Among high-risk youth, those who may be at increased risk for adverse alcohol and other drug (AOD) use outcomes may benefit from targeted prevention efforts; how youth acquire AOD may provide an objective means of identifying youth at elevated risk.
Despite the frequency with which people are convicted of multiple DUI offenses, California continues to require that all individuals with a DUI attend a 30- or 60-hour education program. However, these programs aren't that effective.
We examined how different conceptualizations of self-esteem, as measured by the Rosenberg Self-esteem Scale and the Collective Self-esteem (CSE) Scale, predicted drinking behavior among three groups of American college students.
In November 2012, Washington state and Colorado took the unprecedented step of legalizing commercial production and sale of cannabis for adult use, but all cannabis-related activities remain prohibited under the federal Controlled Substances Act.
Merchants who engage in state-approved “responsible beverage service” training are more likely to believe they'll be cited for selling alcohol to minors. Therefore, targeting merchant attitudes could be a successful way to encourage them to check IDs.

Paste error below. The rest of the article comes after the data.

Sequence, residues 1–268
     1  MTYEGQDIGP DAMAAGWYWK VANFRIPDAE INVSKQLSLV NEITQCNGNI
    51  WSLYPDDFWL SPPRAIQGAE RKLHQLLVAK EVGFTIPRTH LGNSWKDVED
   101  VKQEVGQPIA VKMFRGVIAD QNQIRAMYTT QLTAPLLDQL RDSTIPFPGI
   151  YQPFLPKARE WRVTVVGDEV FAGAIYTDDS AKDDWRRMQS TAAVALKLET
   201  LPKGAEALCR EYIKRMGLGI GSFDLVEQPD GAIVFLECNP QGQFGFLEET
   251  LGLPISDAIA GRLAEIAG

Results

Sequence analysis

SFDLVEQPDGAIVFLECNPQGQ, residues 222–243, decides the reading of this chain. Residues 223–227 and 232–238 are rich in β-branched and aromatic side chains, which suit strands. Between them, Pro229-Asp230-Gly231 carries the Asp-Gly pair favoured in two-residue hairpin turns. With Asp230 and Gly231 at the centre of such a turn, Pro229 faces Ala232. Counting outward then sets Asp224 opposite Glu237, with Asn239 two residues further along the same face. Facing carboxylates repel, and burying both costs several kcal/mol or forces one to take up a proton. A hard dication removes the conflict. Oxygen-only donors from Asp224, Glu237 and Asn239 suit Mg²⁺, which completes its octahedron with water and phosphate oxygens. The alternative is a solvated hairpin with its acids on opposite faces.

This paper explores the association between work intensity, alcohol and/or other drug (AOD) use, and related risk factors and consequences among an at-risk youth sample that has received a first-time AOD offense.
Assessed whether providing prevention coalitions with Getting To Outcomes-Underage Drinking (GTO-UD) helped improve implementation of two common EAP strategies, responsible beverage service training (RBS) and compliance checks.
The U.S. prison population grew nearly fivefold between 1980 and 2009, at least partially due to the “War on Drugs.” Racial disparities in criminal justice referrals to drug treatment potentially affect access to treatment for hundreds of thousands of individuals arrested for drug offenses each year.